The University of Missouri voted Thursday to fire professor Melissa Click after her infamous run-ins with student journalists and a videotaped encounter with a police officer during campus protests last year brought the professor into the national spotlight.
Click, who had been an assistant mass media communications professor at the University of Missouri, received public backlash when she called for "some muscle" to remove a student journalist during protests that occurred Nov. 9 in an encounter that was caught on camera and quickly became viral, according to the Associated Press. During another incident in October during a homecoming parade, police bodycam footage showed Click's confrontation with police in which she shouted "get your hands off the children" and cursed at an officer who had grabbed her by the shoulder. For these confrontations, Click was charged with assault in January before being suspended from her post at the university.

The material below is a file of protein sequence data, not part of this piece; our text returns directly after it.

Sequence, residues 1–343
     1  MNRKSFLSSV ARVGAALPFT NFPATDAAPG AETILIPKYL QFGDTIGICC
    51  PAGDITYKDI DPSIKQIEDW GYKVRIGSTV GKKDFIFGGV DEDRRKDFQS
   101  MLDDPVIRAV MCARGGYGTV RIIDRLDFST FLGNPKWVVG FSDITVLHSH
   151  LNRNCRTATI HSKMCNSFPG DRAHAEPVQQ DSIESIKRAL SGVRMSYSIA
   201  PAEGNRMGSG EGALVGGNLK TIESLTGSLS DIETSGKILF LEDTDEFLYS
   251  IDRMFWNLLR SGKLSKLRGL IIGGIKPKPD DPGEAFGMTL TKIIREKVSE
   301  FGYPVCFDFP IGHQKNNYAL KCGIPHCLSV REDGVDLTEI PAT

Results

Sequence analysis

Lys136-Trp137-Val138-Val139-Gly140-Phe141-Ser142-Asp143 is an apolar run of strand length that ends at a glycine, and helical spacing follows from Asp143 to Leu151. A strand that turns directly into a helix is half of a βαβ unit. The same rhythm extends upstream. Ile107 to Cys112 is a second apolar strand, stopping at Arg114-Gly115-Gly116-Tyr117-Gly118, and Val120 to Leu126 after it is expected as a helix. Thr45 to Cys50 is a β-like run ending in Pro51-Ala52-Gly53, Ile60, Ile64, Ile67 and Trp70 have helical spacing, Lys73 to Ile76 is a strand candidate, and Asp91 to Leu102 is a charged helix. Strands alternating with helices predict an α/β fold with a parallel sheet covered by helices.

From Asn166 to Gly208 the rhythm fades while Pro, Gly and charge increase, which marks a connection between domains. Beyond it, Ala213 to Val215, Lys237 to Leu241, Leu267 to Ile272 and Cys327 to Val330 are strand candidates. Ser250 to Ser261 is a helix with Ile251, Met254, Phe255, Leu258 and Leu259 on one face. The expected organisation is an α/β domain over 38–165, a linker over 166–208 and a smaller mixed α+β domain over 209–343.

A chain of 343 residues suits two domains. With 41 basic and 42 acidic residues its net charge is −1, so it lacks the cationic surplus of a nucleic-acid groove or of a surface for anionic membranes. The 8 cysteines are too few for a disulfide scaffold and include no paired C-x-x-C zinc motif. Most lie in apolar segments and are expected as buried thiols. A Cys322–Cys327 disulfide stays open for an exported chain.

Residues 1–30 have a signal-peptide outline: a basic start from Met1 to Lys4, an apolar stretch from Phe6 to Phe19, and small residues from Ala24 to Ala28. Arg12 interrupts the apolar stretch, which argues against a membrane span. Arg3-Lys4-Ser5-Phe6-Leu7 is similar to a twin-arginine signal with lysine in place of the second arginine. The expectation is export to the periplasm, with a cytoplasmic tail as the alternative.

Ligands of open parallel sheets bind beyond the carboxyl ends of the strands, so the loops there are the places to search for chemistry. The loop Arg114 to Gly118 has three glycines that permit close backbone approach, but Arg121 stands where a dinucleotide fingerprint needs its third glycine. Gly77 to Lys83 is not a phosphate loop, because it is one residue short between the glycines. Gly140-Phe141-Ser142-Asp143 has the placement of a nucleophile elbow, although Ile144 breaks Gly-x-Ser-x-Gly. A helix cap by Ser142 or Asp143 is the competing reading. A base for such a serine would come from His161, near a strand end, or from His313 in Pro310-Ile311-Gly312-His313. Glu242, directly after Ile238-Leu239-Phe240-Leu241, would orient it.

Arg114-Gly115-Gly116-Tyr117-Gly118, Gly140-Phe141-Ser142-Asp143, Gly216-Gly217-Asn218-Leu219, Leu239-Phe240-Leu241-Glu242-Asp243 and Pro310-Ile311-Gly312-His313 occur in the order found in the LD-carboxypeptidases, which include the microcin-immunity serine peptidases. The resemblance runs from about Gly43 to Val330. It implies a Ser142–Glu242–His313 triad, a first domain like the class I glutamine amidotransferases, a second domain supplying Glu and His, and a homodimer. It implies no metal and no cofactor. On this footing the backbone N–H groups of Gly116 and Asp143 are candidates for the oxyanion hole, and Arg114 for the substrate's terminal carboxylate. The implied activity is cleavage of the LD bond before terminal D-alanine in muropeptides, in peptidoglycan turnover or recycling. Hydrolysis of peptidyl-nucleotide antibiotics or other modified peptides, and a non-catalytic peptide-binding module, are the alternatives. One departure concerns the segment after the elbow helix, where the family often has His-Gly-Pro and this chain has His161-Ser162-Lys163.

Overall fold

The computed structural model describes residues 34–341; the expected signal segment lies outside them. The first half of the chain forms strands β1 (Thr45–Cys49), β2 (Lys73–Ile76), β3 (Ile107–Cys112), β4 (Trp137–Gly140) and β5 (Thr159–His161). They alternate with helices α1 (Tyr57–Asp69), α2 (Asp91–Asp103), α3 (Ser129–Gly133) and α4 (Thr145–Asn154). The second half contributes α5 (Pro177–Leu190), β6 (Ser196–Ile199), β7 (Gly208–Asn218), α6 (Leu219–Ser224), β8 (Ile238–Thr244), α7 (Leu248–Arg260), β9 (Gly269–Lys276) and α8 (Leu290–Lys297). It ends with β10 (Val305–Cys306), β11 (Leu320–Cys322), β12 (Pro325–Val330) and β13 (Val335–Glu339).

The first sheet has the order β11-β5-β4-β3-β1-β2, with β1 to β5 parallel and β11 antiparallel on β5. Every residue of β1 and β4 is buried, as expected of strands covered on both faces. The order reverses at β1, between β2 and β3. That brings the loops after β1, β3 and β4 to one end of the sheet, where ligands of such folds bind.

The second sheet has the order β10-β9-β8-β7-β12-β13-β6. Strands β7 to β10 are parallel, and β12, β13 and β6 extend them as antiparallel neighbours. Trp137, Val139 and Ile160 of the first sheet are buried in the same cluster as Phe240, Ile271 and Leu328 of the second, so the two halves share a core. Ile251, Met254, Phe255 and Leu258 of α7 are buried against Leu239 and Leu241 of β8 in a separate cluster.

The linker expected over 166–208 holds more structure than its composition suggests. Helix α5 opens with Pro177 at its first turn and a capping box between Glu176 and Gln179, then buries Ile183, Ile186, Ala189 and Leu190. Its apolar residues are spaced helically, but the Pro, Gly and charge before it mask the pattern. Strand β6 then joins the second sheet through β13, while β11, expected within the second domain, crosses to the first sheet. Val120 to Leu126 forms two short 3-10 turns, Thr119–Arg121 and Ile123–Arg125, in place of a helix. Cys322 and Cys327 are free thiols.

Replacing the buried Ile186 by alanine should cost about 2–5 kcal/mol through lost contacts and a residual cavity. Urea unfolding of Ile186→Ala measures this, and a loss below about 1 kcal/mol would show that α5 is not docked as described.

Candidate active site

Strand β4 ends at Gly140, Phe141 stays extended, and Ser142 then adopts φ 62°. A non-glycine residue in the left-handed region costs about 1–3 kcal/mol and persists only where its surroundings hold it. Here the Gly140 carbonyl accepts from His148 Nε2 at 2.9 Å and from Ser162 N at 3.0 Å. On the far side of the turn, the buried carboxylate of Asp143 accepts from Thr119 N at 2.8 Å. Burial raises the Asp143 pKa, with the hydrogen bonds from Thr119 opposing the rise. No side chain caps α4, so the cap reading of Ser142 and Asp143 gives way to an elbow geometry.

In a statement that was released on Thursday, the university's board voted 4-2 in favor of firing Click, according to the Columbia Daily Tribune.
"The board respects Dr. Click’s right to express her views and does not base this decision on her support for students engaged in protest or their views,” Chairwoman Pam Henrickson said in the prepared statement, according to the Columbia Daily Tribune. “However, Dr. Click was not entitled to interfere with the rights of others, to confront members of law enforcement or to encourage potential physical intimidation against a student.”
Interim Chancellor Hank Foley had said earlier this month that the body camera footage from the homecoming parade showed a "pattern of misconduct."
"Her conduct and behavior are appalling, and I am not only disappointed, I am angry, that a member of our faculty acted this way," Foley said, according to the AP.
"These have been extraordinary times in our university’s history, and I am in complete agreement with the board that the termination of Dr. Click is in the best interest of our university," Foley added, according to the Tribune. "Her actions in October and November are those that directly violate the core values of our university."
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